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Glaize Creek Sewer District blows condemnation case, but gets new chance

At a condemnation trial, Glaize Creek Sewer District (in Jefferson County, Missouri, just south of St. Louis), didn’t put on any admissible evidence of damages to the Gorhams’ property. The Gorhams put on proper evidence of damages, showing that the value of their property after the sewer line was installed declined by $29,000. The Missouri Court of Appeals reversed the jury verdict of zero damages (based on an appraiser‘s unsubstantiated opinion testimony), and sent the case back for a new trial.

Two things are unusual about this case:

  • The sewer district’s appraiser did not actually perform an appraisal, but said that he was only asked “to determine whether or not there was an impact on the property from the easement.” Missouri statute 523.001(1)requires before-and-after valuations in condemnation cases where only a portion of a tract of real estate is taken.
  • The Gorhams’ appraiser was Mrs. Gorham, who is a state-certified appraiser. The jury was free to believe her appraisal testimony or not. Unlike the sewer district’s appraiser, Mrs. Gorham presented an appraisal report that apparently conformed to the requirement of state law and the Uniform Standards of Professional Appraisal Practice (USPAP).

Why should the sewer district get a chance to do it over, putting the landowner through the expense of another trial? Perhaps, because that’s what the Gorhams asked for when they filed a motion for new trial after the jury verdict, which the trial court denied. Under Missouri’s appellate statutes, an appellate court may

award a new trial or partial new trial, reverse or affirm the judgment or order of the trial court, or give such judgment as such court ought to have given.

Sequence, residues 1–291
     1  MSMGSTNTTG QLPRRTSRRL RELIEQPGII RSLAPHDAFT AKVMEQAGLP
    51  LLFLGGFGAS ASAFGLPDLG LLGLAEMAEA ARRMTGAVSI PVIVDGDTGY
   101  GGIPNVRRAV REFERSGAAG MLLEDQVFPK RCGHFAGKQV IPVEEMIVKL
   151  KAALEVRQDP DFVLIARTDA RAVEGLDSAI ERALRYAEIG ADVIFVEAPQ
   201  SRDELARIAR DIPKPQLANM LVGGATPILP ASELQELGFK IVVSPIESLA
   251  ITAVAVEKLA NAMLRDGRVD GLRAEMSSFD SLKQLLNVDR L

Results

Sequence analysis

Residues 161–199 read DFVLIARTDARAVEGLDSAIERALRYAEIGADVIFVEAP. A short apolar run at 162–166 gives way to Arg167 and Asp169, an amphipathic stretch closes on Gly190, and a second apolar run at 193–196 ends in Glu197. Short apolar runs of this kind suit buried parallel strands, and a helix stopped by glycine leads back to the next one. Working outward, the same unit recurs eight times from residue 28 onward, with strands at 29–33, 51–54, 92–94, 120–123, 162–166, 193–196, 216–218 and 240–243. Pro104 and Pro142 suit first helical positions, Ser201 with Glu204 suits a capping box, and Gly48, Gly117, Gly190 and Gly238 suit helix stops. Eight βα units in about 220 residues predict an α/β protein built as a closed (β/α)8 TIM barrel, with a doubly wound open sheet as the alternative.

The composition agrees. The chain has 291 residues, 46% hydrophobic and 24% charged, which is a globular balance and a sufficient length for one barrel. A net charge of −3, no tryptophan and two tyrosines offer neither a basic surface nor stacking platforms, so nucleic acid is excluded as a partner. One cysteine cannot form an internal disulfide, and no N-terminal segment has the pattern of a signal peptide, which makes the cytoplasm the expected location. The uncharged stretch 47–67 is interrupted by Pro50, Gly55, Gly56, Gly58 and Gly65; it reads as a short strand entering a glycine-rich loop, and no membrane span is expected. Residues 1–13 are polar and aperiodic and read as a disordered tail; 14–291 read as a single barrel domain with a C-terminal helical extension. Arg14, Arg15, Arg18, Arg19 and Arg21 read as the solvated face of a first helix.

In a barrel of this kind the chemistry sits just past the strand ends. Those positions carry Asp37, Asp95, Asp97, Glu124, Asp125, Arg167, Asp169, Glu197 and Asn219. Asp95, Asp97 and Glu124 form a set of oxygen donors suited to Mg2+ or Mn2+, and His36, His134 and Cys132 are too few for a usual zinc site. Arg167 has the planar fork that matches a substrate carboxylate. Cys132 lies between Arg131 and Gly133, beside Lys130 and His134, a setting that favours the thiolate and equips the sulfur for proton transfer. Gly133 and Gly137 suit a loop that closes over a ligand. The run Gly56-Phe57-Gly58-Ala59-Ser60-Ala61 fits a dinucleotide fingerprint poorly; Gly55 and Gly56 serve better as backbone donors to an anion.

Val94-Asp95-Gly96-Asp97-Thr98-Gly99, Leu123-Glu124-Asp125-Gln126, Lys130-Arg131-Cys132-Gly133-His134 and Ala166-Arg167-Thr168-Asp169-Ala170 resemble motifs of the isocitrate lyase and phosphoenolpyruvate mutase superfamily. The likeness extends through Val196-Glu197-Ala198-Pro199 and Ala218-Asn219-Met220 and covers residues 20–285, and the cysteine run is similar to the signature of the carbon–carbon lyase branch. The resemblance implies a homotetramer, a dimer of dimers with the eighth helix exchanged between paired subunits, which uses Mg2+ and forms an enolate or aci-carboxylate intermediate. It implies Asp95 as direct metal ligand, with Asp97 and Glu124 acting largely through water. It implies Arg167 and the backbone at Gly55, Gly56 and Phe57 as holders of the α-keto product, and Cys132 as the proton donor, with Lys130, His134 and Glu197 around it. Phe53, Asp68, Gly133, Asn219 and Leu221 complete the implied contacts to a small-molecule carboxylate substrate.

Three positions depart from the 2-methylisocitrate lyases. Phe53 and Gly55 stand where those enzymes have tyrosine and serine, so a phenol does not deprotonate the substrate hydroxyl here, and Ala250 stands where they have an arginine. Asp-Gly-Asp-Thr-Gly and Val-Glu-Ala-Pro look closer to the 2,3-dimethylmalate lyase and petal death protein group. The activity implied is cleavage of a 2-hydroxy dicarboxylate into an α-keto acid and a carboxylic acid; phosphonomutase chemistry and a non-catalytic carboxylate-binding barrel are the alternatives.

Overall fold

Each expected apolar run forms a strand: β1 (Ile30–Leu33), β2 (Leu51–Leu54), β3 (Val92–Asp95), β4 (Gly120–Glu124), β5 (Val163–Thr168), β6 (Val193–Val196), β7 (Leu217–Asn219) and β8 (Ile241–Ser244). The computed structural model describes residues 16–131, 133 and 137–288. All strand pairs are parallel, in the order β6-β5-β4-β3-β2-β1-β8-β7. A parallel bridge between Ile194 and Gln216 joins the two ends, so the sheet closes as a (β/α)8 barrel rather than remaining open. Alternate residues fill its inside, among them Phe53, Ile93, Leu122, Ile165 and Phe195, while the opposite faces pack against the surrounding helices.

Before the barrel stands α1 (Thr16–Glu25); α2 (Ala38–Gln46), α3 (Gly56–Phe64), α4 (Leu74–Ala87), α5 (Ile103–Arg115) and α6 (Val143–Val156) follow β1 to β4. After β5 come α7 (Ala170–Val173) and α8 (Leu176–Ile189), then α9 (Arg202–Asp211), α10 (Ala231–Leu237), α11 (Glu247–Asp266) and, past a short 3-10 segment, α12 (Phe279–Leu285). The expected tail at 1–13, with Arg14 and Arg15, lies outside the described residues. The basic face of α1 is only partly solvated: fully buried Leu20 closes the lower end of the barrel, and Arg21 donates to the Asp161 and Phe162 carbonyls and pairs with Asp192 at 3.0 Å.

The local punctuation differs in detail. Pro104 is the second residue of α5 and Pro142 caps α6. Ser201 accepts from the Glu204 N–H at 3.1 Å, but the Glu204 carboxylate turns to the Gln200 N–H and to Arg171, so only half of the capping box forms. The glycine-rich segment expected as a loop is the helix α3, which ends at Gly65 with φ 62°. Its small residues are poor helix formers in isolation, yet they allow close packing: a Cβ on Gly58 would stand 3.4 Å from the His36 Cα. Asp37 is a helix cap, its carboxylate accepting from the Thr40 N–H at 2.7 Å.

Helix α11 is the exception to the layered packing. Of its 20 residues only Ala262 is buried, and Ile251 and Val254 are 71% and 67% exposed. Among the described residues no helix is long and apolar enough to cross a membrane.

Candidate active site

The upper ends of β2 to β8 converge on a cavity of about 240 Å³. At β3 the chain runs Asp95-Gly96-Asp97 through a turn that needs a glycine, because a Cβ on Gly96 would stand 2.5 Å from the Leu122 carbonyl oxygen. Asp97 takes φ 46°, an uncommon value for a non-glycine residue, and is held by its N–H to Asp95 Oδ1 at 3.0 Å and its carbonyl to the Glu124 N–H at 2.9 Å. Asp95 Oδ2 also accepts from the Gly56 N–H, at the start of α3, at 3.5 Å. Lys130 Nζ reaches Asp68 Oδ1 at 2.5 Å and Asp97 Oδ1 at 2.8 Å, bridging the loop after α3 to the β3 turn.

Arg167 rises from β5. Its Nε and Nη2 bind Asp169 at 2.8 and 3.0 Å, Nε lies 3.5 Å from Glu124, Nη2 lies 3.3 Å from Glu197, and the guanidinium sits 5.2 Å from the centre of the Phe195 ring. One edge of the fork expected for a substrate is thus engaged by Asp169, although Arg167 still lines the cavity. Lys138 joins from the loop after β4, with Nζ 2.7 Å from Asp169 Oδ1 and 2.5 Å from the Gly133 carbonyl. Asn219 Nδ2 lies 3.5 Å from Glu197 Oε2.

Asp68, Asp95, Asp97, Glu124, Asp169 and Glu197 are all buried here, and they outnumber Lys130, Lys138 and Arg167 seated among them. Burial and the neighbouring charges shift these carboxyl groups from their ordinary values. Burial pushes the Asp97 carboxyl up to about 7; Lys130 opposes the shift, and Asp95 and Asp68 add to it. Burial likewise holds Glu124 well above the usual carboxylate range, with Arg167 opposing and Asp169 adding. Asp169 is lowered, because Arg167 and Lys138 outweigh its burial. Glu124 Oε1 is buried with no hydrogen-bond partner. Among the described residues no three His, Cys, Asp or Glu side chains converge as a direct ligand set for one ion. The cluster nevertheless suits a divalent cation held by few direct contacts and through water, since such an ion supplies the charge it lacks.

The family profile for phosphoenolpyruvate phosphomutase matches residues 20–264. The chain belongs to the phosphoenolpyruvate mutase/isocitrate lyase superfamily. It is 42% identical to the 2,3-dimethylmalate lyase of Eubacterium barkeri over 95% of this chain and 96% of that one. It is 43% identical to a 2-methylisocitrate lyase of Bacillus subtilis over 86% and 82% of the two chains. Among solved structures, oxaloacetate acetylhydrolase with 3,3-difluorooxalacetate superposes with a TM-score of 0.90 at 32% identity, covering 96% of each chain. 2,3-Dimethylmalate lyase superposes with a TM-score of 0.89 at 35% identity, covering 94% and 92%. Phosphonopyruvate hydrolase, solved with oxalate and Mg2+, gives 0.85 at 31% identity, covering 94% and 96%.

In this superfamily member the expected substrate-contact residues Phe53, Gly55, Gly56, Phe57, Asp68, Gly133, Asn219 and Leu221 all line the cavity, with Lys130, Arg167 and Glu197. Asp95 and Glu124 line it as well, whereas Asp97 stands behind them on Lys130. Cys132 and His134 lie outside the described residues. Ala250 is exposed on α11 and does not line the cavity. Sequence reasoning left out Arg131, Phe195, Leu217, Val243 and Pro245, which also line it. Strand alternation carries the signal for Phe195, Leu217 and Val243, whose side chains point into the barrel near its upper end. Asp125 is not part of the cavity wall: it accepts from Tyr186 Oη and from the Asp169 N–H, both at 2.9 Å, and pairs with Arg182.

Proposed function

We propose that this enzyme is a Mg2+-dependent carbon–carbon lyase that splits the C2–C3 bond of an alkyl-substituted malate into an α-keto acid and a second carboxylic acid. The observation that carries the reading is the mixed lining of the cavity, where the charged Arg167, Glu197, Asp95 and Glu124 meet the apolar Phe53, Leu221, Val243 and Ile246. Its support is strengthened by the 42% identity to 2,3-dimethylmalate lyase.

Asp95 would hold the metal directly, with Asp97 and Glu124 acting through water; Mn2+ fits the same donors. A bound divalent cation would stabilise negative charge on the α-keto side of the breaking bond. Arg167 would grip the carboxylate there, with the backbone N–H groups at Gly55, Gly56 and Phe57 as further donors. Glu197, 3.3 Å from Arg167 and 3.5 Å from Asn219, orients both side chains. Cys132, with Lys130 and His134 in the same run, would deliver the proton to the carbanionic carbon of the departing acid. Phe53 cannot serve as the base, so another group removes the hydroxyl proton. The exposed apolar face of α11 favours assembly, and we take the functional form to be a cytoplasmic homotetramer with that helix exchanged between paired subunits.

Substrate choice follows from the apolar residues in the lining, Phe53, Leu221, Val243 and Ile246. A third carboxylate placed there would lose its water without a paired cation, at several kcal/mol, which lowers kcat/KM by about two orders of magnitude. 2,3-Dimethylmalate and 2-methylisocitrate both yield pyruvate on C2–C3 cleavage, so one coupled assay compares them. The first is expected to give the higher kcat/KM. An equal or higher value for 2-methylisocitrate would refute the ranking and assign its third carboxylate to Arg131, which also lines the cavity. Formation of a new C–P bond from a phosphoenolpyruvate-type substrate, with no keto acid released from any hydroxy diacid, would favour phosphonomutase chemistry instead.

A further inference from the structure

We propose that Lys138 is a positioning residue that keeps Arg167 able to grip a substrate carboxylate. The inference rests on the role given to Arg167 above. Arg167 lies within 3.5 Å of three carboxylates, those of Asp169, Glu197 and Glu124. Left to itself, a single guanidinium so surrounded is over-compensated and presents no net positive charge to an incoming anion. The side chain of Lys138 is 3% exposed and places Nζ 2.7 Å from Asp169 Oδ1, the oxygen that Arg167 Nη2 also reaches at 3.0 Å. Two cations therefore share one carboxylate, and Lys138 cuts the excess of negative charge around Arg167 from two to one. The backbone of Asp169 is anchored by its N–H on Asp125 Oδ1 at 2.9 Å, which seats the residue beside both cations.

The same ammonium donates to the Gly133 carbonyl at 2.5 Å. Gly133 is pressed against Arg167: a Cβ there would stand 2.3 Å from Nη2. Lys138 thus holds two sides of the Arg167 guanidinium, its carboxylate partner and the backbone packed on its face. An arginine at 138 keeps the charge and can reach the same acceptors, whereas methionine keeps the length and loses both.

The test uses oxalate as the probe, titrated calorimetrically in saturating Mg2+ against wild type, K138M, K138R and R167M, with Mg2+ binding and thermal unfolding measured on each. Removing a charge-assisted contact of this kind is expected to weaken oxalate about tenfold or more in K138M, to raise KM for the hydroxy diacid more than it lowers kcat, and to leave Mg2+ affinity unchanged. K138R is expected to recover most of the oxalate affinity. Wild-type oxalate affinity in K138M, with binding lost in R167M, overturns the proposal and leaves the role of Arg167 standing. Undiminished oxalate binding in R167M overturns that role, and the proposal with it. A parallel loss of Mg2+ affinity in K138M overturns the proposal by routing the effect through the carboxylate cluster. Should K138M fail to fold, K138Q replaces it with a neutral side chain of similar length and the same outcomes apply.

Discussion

If the only evidence of damages was Mrs. Gorham’s testimony, it seems to me that the jury should have been bound by it and that the Gorhams shouldn’t have to go through two trials. I don’t have much expertise with appellate law; maybe someone who knows how it works can explain this situation to me.

Jerome Wallach, who is one of the Gorhams’ attorneys, told me that he was happy to have a new trial. Just as the sewer district gets another chance to try to keep the award small, the Gorhams will have an opportunity to ask for more than $29,000.


About Harry Styron

I'm a lawyer and mediator who lives in Branson, Missouri, whose professional interests involve real estate, nonprofits, and local government. As of 2022, I'm shrinking my legal practice so that I have more time to mediate real estate disputes. I'm happy to mediate using video platforms like Zoom and WebEx, or in person anywhere in Missouri.

3 responses »

  1. If the condemnor had that kind of exposure and produced no evidence of damages in accordance with the new statute, the condemnor might look at suing their attorney for malpractice if they are required to caugh up.

    They might even refer the condemnee’s appraiser, Mrs. Condemnee, to the appraisal commission for appearance of bias.

    I find it odd that if the only evidence of value was the condemnee’s $29,000, and if the judge gave proper instrictions, they must have made a very bad impression on the jury to get a zero verdict.

    • Kelly, a quick check on casenet indicates that this is the only condemnation case that the Glaize Creek Sewer District has filed. I’m sure a lesson has been learned about obtaining proper appraisal testimony.

      As for Sheila Gorham being her own expert witness on damages, my wild guess is that the jury discounted her testimony to zero because the Gorhams didn’t obtain an independent appraisal.

      Any landowner is entitled to testify about the damage to the value of her own property when it is being taken by a governmental entity, as is any citizen. Mrs. Gorham didn’t surrender that right by becoming a state-certified appraiser. But being her own expert witness may not have been wise.

      So the sewer district and the property owner get to do it all again with new appraisals and probably new appraisers.

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